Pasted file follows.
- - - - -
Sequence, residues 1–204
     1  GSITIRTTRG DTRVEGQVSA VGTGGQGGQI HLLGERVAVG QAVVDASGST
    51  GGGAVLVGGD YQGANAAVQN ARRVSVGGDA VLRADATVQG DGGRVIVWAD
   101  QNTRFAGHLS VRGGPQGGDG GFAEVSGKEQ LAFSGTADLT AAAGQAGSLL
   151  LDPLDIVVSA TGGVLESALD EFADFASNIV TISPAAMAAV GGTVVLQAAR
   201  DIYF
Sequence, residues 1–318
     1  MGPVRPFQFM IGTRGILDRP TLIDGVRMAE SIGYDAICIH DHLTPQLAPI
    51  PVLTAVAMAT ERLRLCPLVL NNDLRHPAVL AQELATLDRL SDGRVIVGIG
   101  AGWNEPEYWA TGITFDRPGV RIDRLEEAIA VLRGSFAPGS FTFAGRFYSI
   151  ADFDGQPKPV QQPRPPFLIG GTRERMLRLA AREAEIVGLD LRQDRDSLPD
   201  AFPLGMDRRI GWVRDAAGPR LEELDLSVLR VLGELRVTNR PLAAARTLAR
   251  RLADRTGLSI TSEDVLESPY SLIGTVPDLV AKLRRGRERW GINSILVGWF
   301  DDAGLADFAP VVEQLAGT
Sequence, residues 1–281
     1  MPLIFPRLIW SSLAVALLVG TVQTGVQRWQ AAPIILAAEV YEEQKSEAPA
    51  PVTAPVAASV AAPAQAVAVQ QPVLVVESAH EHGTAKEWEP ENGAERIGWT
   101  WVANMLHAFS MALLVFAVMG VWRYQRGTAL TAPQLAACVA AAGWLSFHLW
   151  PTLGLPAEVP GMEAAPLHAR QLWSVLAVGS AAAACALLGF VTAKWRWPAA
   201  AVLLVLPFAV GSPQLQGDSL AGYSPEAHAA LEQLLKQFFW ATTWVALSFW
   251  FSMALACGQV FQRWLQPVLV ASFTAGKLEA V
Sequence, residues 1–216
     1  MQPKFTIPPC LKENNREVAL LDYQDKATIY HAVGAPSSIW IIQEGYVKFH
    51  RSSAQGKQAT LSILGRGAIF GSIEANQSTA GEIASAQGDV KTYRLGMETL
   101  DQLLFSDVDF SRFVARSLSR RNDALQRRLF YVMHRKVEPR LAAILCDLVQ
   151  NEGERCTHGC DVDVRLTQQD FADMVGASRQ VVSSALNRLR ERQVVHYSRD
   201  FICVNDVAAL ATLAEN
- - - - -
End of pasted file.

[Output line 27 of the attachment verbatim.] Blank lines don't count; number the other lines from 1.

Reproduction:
   201  FICVNDVAAL ATLAEN